Study, read a book, read a newspaper - be inspired (mel365.com)
 Whenever I have visited it is full to overflowing with students studying and the odd Melbourne citizen or visitor (it seats up to 300+) and yet the reverent library hush is actually warm and inviting and not at all intimidating. And there are laptops aplenty so although surrounded by books I suspect that many students are Googling for information!

The Dome-less Melbourne Public Library 1856

Originally named the Melbourne Public Library it opened in 1856. The Dome was added later and completed in 1913! In its day it was the largest reinforced concrete vault in the world - only beaten by the Pantheon in Rome! It now houses more than 300,000 books. So there's something for everyone!
What a Dome. What a reading room (walkingmelbourne.com)
But it's the Dome that's celebrating its centenary. It is such a wonderful surprise to walk into the building and be welcomed by the Dome, the light, the reverence. While visiting I recommend you visit the Cowen Gallery to see their free exhibition: Enchanted Dome: The Library and Imagination - you have until 14 July 2013. And while you are there why not take a free tour of the library and in particular the Dome. They run most days from 2pm - 3pm and begin in the front foyer. (I must do it myself!)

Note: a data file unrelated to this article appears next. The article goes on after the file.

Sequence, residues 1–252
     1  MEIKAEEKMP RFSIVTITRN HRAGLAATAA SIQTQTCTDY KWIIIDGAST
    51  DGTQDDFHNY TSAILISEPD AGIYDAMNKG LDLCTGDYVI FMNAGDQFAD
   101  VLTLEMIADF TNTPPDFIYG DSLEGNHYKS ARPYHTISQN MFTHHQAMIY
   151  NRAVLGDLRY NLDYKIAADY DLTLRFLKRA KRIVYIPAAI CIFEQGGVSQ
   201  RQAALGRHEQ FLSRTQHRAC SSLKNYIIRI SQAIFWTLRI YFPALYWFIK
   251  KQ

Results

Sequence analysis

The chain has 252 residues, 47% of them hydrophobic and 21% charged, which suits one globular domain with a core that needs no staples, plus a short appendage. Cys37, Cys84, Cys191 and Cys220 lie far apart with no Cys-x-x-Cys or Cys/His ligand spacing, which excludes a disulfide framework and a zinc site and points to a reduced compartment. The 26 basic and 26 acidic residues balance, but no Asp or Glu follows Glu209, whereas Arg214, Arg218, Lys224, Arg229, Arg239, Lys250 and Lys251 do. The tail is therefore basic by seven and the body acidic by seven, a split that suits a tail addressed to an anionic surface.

Tony and Maureen Wheeler of Lonely Planet fame have lived in Melbourne since their arrival overland from England in the 60's. They are extraordinarily generous philanthropists and the aptly named Wheeler Centre is 'attached' to the State Library of Victoria at 176 Little Lonsdale Street. This new type of cultural institution hosts some wonderful - mostly free - talks relating to books, authors, ideas and writing. They are often held at lunch time and in the early evening. Check out their programme on line. I recommend a visit. I am sure that this additional innovation assisted in Melbourne being awarded the 2nd UNESCO City of Literature in August 2008 (there are now 6 cities). (see earlier post 29 August 2012)
Welcome to the State Library
So put on your 'intellectual hat' and spend some time in this wonderful building. After exploring I recommend a coffee at the on-site cafe Mr Tulk. Alternatively The Moat is highly recommended. It resides in the basement of the Library 'under' the Wheeler Centre.  

Bowen Cottage client comment this week: Another great stay

Tuesday, 13 November 2012

Nonda Katsalidis - we salute you!